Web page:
Us capitalizes, within the psychological horror genre, on what I’ve described elsewhere (here and here) as the migration of Lynchian. Whereas “Lynchian” previously referred to a horror in the world—a profound anxiety arising in the tension between the banal and the surreal: that strange corner over there, that otherwise perfectly normal cup of coffee, that subtext of sound, image, texture, and word rising to the surface as narrative—with 2017’s The Return, Lynch brought his own defining vocabulary of what is Lynchian into the digital age, into the age of the everything-everywhere-all-the-time, into the geography of nowhere to hide, and above all, mercilessly, into the eye of the perceiver. What is Lynchian now is no longer to be found on the screen, but rather in the unsettled, unreliable experience of the watching itself. It’s not that we don’t know what we’re looking at anymore; we’ve had a lifetime’s training for that. We don’t know how we are seeing anymore. We’re not quite sure how we should be seeing. Consequently, and most unsettling (yes, uncanny) of all, we may not be quite certain in our determination of who or what is doing the seeing. Particularly when the observer and the observed are possibly the very same thing. Corrupted copies of each other. So what is being seen now, as impossible as it may be, is possibly the seeing itself or a corrupted copy of the seer seeing. Which is to ask: What is this thing that I thought I knew, when this thing was me? What is this thing that I thought knew how to see? What am I? What is us? Am I…. us?

Peele grounds that narrative migration squarely in the culpability of the viewer. No matter who you are, whether you’re sure of what you’ve seen, whether you liked it or not, that narrative trespasses against the germane entitlement of whether or not one thinks they are immune. With the weapon of a mutated perception as its vector, the contagion of Us radically evades the immunity. It lands in the body of the viewer, with all the water weight of that zombie shadow self, and signals to that body a sea change in our perception of the entire culture of ourselves. That sea-change abounds now, as far as we can tell, in every wave of every fractured mirror. As sea-changing as the documentary shadow story of Leaving Neverland might capably overturn our assessment of the entire culture that we thought we knew, the entire culture-as-marketed-iconography, or more accurately, the one that we knew all along but were choosing not to know.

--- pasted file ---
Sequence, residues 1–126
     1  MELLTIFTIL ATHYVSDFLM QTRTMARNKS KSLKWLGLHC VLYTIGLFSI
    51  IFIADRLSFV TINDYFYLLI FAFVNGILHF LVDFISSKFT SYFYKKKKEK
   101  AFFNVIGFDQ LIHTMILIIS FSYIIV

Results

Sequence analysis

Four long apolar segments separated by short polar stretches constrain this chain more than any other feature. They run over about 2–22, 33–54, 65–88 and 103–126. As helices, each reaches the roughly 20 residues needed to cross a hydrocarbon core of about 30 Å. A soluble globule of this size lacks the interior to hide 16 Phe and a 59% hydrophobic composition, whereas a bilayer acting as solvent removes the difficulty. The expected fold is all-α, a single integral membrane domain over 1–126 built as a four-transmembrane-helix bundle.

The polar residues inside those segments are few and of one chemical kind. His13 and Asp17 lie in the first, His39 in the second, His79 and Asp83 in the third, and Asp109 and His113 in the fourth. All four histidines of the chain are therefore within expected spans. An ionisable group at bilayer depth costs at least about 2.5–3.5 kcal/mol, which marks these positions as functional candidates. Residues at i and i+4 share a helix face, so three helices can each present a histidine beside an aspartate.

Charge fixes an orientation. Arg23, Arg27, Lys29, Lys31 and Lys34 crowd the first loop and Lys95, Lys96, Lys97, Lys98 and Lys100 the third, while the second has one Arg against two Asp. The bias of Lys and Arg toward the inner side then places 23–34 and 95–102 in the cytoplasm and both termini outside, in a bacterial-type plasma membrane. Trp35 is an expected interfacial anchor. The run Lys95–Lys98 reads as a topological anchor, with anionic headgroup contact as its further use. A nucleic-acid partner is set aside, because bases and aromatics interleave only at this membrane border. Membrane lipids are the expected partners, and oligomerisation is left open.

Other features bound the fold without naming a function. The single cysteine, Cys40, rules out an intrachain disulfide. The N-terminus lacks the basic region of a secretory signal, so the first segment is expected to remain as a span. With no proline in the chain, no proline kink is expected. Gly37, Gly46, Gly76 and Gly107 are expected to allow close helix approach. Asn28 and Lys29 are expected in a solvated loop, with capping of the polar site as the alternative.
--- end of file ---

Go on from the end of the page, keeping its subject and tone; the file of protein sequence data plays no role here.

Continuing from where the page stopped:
To take it onboard, hook, line and sinker, and see the culture that renders us what we are / are not—as Jordan Peele heroically does with Us—is to deeply consider that possibility, the undeniable simultaneity, that I am not what I thought I was. Here we encounter the convergence of fiction and nonfiction as culture— the sinister, shadow impostor that may very well be us standing in for ourselves. Here we encounter a simultaneous and shared trauma. It is that shadow self sweeping across our view like an infection, an inoculation, or an antidote; or all three at once. The shock of that shot is not the sense that we don’t necessarily know who we are anymore, but the suspicion that we are, in fact, not who we are at all.

And so we hear it, over and over again, in response to every outbreak of news: This is not who we are! At the extreme of it, which is now apparently the center of this news, we confront the incomprehensible, obliterating, and alien multiplicity of ourselves. Perhaps what once lay sleeping, integrated, is now represented and reflected in the bifurcating mirrors of code which give it dimension; perhaps what once was native (or foreign) now other-worldly, is myself. And myself. And myself. And myself. And myself. The emergence, and the emergency, is that stranger standing before us, as us, in the mirror that is everywhere we turn now. The stranger’s severed hand is my own. It is the hand that holds the fork that has stabbed my naked lunch and brings it to my face, if only I have the stomach for it.

Jeff Wood is an actor and writer from Ohio currently living in Berlin. He is a founding member of the experimental film/art group Rufus Corporation. His cinematic novel The Glacier was published in 2015 by Two Dollar Radio. His essays ‘Monuments of Fire’ and ‘Hurricane Bob,’ among others, have been published by 3:AM Magazine. He is currently at work on The Spider’s Remorse: Encounters with the Algorithmic Taxidermist, an unreliable account of hysterical realism. 

First published in 3:AM Magazine: Monday, April 8th, 2019.